Yvonne Section[edit]

Why is there an enormous section about Yvonne McElveen? This doesn't at all seem necessary and gives a huge amount of emphasis to one person not given throughout the rest of the article. In addition, it's not Wikified. I deleted it but it was re-added. Cwilli201 05:34, 19 January 2007 (UTC)

West Coast hip hop[edit]

I put that in there because southern artist barrows some of they sounds from them. —Preceding unsigned comment added by 71.188.100.217 (talk) 00:33, 30 April 2009 (UTC)

Shady?[edit]

What about Stat Quo and Bobby Creek? They're from Atlanta, aren't they? They should be added. —The preceding unsigned comment was added by Dlae (talkcontribs) 14:45, 2 February 2007 (UTC).

Proper response to lack of citations[edit]

Please see WP:CITE about this issue:

The proper response to an article that overall lacks citations is to add an unreferenced tag, like so:

The proper response to a statement that is controversial and needs a citation is to add a fact tag, like so:

[citation needed]

The proper response is NOT to blank the whole page.

I quote WP:CITE:

If an article has no references, and you are unable to find them yourself, you can tag the article with the template {{Unreferenced}}, so long as the article is not nonsensical or a biography of a living person, in which case request admin assistance. If a particular claim in an article lacks citation and is doubtful, consider placing {{fact}} after the sentence or removing it. Consider the following in deciding which action to take:

1. If a claim is doubtful but not harmful to the whole article or to Wikipedia, use the {{fact}} tag, but remember to go back and remove the claim if no source is produced within a reasonable time.

2. If a claim is doubtful and harmful, you should remove it from the article; you may want to move it to the talk page and ask for a source, unless you regard it as very harmful or absurd, in which case it should not be posted to a talk page either. Use your common sense.

This page is not harmful to Wikipedia, is not nonsensical, and is not a "biography of a living person". It should not be blanked. If it is blanked again, that would be just plain edit warring WP:EDITWAR.

lk (talk) 18:31, 11 September 2008 (UTC)

Needs work[edit]

To be blunt, this article sucks. The first section is fine, but the "Regional Scenes" section is an unreferenced disaster, and the "Notable Musicians" section refers to 4 categories that don't exist. As an example, the "Miami, Florida" subsection links to one other WP article that doesn't mention Florida at all. The whole section is filled with POV statements that could never be verified.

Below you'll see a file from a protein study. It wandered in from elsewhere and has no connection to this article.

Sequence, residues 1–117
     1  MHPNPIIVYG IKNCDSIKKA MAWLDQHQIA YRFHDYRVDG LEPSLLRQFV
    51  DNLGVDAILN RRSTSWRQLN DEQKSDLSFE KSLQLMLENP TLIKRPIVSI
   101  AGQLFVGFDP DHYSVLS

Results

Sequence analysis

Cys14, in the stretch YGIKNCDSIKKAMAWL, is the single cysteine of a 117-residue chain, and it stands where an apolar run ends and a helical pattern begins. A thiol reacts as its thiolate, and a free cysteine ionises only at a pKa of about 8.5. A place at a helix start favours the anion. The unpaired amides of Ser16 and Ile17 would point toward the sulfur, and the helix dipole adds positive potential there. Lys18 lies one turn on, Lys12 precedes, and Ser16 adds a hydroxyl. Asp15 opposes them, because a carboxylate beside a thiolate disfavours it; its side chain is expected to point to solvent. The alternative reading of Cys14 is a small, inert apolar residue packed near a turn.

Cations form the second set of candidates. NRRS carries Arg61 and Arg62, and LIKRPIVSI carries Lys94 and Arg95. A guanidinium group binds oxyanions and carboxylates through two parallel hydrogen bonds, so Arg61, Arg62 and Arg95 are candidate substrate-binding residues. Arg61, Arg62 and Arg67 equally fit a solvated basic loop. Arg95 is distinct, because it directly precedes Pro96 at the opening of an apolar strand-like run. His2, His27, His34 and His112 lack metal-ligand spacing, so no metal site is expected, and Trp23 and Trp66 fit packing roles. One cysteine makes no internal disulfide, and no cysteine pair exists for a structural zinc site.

I'm going to make a fairly large change, removing this section and cleaning up the "Notable Musicians" section. Someone more familiar with the material should fill in some actual notable musicians along with some references. -- BillWeiss | Talk 18:05, 24 February 2009 (UTC)

It needs some pics, too.--Basstonic (talk) 23:11, 27 July 2011 (UTC)

Houston[edit]

How is Houston not fully mentioned in the article? If it is somewhere else and I missed it and this is all a waste then sue me. However, Houston not being represented is like telling half the story. I am sure it has been documented by scholars and if it has not it should be. Houston hip hop reflects the soul and history of the south as well as the entire nation. Laboris Gloria Ludi. Houston rap should be represented in a scholarly manner. I am not profound in Wikipedia so I ask for help. — Preceding unsigned comment added by Universe0707! (talkcontribs) 05:44, 26 October 2012 (UTC)

This Article Needs an Overhaul[edit]

I think we should start reworking this article. We need to come up with a coherent outline. I propose the following sections:

History/Origins Characteristics Regional Styles/Artists/Movements

  -Atlanta
  -New Orleans
  -Houston & Dallas
  -Tennessee
  -Miami

Influence — Preceding unsigned comment added by Alexo Andros (talkcontribs) 19:23, 26 November 2012 (UTC)

Orphaned references in Southern hip hop[edit]

I check pages listed in Category:Pages with incorrect ref formatting to try to fix reference errors. One of the things I do is look for content for orphaned references in wikilinked articles. I have found content for some of Southern hip hop's orphans, the problem is that I found more than one version. I can't determine which (if any) is correct for this article, so I am asking for a sentient editor to look it over and copy the correct ref content into this article.

Reference named "MTV":

I apologize if any of the above are effectively identical; I am just a simple computer program, so I can't determine whether minor differences are significant or not. AnomieBOT 02:32, 24 May 2013 (UTC)